The New York Times blog At War has published reactions to the court ruling from gay and lesbian service members. This one comes anonymously from one of the leaders of OutServe, The Underground of Actively Serving LGBT Servicemembers:
Within minutes of the injunction, military members started to ask the question, “What does this mean for me? Can I come out?” I personally saw at least one Facebook status update from an active-duty gay member stating they had the intention to come out to coworkers tomorrow. My phone hasn’t stopped ringing off the hook from gay military members asking exactly what this means.
Military members are busy and do not pay attention to the daily news about ‘don’t ask, don’t tell’. All we see is a header on the NY Times Web site saying that DADT enforcement is suspended.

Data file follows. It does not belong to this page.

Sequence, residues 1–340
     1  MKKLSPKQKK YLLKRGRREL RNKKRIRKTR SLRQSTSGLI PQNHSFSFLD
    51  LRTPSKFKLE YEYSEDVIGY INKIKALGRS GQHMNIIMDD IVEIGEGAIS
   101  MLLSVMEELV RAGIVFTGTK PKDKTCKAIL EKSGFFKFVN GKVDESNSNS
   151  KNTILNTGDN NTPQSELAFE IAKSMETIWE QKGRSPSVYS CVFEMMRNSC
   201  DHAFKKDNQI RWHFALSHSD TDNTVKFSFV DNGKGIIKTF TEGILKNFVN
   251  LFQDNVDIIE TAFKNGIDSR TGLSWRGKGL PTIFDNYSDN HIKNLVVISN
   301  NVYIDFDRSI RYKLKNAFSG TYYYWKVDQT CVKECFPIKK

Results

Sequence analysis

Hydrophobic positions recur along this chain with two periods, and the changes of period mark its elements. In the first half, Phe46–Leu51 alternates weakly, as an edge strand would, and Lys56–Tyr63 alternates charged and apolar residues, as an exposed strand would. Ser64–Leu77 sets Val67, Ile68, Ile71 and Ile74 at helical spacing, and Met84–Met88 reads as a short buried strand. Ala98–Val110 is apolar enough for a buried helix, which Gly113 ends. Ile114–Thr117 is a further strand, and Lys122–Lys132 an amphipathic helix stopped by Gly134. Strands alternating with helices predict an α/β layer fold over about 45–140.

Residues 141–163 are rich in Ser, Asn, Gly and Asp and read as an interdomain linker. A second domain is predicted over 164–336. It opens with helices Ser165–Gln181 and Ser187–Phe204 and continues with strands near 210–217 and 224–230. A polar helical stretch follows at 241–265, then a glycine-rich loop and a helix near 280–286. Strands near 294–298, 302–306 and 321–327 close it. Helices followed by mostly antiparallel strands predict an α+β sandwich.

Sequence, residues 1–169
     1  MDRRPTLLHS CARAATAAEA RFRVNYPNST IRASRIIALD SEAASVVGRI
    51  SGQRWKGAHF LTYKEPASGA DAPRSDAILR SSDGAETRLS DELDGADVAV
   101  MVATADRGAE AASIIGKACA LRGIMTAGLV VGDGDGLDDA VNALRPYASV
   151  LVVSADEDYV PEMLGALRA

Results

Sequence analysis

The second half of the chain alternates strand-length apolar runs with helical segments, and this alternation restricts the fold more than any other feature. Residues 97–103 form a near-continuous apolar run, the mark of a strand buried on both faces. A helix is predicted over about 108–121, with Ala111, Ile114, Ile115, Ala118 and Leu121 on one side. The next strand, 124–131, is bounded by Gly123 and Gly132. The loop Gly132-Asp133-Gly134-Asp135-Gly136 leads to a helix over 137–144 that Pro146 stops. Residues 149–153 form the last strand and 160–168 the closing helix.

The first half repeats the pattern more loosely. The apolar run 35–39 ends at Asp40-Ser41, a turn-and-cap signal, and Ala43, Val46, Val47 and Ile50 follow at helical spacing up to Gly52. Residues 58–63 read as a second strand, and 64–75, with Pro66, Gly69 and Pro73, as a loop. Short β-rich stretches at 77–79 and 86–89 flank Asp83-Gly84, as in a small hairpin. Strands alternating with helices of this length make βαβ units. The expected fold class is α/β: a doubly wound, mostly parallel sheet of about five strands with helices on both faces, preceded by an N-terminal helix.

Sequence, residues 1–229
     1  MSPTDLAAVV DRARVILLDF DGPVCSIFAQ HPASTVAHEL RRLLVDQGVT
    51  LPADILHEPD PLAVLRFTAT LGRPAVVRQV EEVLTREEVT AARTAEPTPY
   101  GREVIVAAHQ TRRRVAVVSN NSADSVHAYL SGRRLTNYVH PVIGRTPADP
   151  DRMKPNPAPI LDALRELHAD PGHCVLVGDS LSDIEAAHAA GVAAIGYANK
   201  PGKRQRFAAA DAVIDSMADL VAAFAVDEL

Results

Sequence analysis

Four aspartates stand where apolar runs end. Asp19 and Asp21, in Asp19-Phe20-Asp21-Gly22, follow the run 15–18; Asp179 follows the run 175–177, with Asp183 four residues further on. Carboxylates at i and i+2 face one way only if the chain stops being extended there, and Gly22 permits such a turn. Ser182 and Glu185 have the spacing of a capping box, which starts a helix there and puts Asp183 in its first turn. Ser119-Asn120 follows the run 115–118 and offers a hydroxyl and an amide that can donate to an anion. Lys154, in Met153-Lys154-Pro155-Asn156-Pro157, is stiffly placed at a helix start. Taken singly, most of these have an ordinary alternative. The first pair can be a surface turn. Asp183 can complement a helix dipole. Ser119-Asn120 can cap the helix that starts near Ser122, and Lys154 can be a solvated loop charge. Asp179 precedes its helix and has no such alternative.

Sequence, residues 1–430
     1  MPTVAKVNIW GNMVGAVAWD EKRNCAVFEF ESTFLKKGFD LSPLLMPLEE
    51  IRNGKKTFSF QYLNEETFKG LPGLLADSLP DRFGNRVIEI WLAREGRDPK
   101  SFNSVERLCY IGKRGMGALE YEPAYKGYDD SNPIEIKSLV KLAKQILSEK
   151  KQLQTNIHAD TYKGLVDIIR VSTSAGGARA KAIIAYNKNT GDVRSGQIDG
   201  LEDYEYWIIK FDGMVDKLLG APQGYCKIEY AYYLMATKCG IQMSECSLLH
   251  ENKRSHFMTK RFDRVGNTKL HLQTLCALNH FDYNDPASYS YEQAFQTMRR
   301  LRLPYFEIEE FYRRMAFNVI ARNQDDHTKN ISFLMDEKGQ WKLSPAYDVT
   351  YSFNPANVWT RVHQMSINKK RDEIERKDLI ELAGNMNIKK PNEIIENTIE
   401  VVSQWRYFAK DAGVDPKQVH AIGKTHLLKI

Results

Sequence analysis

For the past few months all we have seen are court cases ruling in our favor, a confusing piece of legislation being debated, and our Commander-in-Chief saying that he believed this policy is wrong and should end. I have been in staff meetings where arguments have arisen over whether or not ‘don’t ask, don’t tell’ was actually a law anymore.
Today this decision is clear, the policy is dead as of right now. We are in desperate need of leadership.
The Defense Department is expected to appeal the court's decision and has six months do to so.